David Warner is a massively unlikable person. He’s violent. He’s aggressive and insulting. He’s a cheat. Perhaps worst of all, he’s a hypocrite. It has been pretty amusing to several outside observers, including myself, how his past words and actions in this South Africa series have come back to bite him.
And so, with all of this baggage, it’s somewhat remarkable that Cricket Australia’s actions have led me to feel at least some small measure of sympathy for him. Obviously not much, but arguably a lot more than he otherwise deserves.
Warner was neither directly responsible for the ball tampering nor the man in charge. He hasn’t received any punishment from the ICC, unlike Steve Smith and Cameron Bancroft. He is, however, unpopular in the Australian dressing room and in the international cricket press. Even a large portion of the team’s own supporters have tired of his antics, stereotypically Australian thought they might have been. In other words, he is an ideal scapegoat.
It seems fair to say that the harsh punishments meted out to the ‘Sandpaper 3’ has more to do with Cricket Australia’s financial position than any kind of ethical stance. Within a few days of the ball tampering incident, which itself came after a series of unflattering stories involving Warner earlier in the series, the Australian Test series sponsor pulled out of their agreement. This action potentially costs CA $20m over the next three years. Even more importantly, this winter (at least for those in the wrong hemisphere) was also meant to be the time when new TV deals for Australian cricket were meant to be struck.
Immediately after the Ashes series, Cricket Australia were reportedly expecting to receive $1bn (Aus) over five years for the rights to show Australian cricket on the TV and streaming. That’s equivalent to £550m, or £110m per year. That’s quite a large deal considering that the ECB’s current TV deal up to 2019 was only for £75m a year, in a country with almost three times the population of Australia and where (unlike Australia) no cricket is shown on free-to-air TV.
Except now, with a cricket scandal on the front and back pages of every Australian newspaper, a deal that big seems some way away. Cricket boards have swept most indiscretions and wrongdoing under the carpet or given extraordinarily light punishments. Examples include racial abuse, talking to bookies, touring Apartheid South Africa and instigating what Richie Benaud described as “one of the worst things I have ever seen done on a cricket field.” And that’s just the rap sheet for Cricket Australia’s four-man selection panel. What they won’t forgive is costing them money. Potentially hundreds of millions of dollars, in this case.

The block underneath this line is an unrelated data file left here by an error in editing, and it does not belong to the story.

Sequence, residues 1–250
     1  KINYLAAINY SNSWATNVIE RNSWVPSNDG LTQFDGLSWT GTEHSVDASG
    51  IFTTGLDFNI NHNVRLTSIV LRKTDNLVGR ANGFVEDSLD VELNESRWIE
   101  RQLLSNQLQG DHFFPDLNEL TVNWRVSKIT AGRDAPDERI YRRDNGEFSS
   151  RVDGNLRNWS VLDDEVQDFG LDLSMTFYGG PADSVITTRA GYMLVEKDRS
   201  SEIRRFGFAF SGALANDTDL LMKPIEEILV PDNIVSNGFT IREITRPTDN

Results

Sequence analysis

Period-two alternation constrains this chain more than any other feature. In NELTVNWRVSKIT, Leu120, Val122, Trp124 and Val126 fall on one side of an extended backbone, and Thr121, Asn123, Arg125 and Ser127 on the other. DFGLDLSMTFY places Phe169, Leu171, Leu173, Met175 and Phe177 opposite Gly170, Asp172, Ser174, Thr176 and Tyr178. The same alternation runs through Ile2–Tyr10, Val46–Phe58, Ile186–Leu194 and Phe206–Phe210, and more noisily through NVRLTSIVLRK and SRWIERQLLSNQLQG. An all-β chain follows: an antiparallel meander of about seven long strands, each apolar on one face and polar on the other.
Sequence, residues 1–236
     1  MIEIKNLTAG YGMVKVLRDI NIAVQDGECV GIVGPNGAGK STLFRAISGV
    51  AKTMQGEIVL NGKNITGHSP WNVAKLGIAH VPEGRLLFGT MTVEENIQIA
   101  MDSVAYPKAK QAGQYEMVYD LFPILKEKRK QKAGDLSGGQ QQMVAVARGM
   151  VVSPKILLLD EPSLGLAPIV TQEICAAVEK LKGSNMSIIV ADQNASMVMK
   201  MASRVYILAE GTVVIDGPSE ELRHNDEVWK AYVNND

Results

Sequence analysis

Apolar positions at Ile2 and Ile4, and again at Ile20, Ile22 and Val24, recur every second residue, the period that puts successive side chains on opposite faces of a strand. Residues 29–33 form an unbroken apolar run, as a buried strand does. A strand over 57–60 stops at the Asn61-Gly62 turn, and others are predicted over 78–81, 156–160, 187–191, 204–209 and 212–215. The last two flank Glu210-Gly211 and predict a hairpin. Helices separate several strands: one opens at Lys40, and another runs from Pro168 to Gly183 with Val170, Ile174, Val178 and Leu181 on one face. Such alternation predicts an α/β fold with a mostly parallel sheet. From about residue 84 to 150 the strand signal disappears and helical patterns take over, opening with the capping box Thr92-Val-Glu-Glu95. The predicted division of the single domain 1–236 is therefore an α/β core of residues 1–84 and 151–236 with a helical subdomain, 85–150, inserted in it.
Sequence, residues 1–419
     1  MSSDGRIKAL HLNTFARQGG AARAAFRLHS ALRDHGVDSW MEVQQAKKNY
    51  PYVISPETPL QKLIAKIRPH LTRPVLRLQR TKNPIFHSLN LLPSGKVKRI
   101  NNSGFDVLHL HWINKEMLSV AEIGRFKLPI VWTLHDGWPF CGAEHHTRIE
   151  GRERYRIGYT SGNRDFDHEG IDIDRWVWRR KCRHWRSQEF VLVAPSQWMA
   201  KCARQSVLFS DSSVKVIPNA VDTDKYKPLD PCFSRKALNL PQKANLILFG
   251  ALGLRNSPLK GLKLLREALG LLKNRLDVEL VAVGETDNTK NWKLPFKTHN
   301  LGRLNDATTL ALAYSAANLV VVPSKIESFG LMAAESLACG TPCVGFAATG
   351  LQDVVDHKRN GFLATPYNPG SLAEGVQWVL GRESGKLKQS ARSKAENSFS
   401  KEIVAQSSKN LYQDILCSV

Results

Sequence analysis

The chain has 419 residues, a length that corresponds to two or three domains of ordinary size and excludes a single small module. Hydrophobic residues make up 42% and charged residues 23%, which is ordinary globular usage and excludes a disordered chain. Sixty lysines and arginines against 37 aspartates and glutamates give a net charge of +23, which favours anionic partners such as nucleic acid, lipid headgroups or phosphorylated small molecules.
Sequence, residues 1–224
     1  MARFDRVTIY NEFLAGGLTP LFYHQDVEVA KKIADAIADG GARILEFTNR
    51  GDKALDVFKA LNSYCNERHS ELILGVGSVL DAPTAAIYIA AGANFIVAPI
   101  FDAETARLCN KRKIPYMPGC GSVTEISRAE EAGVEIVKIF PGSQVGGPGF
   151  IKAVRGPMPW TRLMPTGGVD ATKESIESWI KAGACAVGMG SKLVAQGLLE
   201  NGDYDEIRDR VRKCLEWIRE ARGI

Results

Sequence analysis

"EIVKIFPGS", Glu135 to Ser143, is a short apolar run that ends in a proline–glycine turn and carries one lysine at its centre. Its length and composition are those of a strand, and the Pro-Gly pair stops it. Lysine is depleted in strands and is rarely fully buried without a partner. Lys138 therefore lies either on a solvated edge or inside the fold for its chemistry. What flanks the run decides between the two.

In order to bring the story under control, Cricket Australia felt they had to draw a line under it with swift and severe punishments for all involved. Which brings us to the second aspect of unfortunate timing. The incident happened at the end of the Australian cricket season. This meant that any ban shorter than eight or nine months would involve the players missing no cricket in Australia whatsoever. This would seem lenient to some, which CA couldn’t abide.
Had the incident happened in September, three or six month bans would have suited everyone. The baying Australian public would have their pound of flesh and the players would have received punishments vaguely proportional to their ‘crimes’. As it is, two players being banned for a year seems ludicrously long and punitive.
“Full credit to Steve Smith & Cam Bancroft for fronting up and admitting what they tried to do .. I know many teams and individuals who would have gone hiding .. it still doesn’t brush it away but at least they faced the music .. ” – Michael Vaughan.
Immediately after the press conference at the end of play in Cape Town, where Smith and Bancroft confessed to ball tampering, Michael Vaughan posted this tweet. The responses to it weren’t flattering to him or the Australians, and so he quickly deleted it and posted a new tweet with an almost 180 degree turn in viewpoint.
Apart from demonstrating Vaughan’s propensity to latch onto anything which he thinks will be popular and dumping it just as quickly, it also shows the way in which Steve Smith and Cameron Bancroft are being separated from David Warner in the press. Numerous press reports (particularly from the one-eyed Australian journalists who wind us up so much) praise Smith and Bancroft for being honest, sincere, apologetic and so on. The same writers call Warner evasive, insincere and repetitive.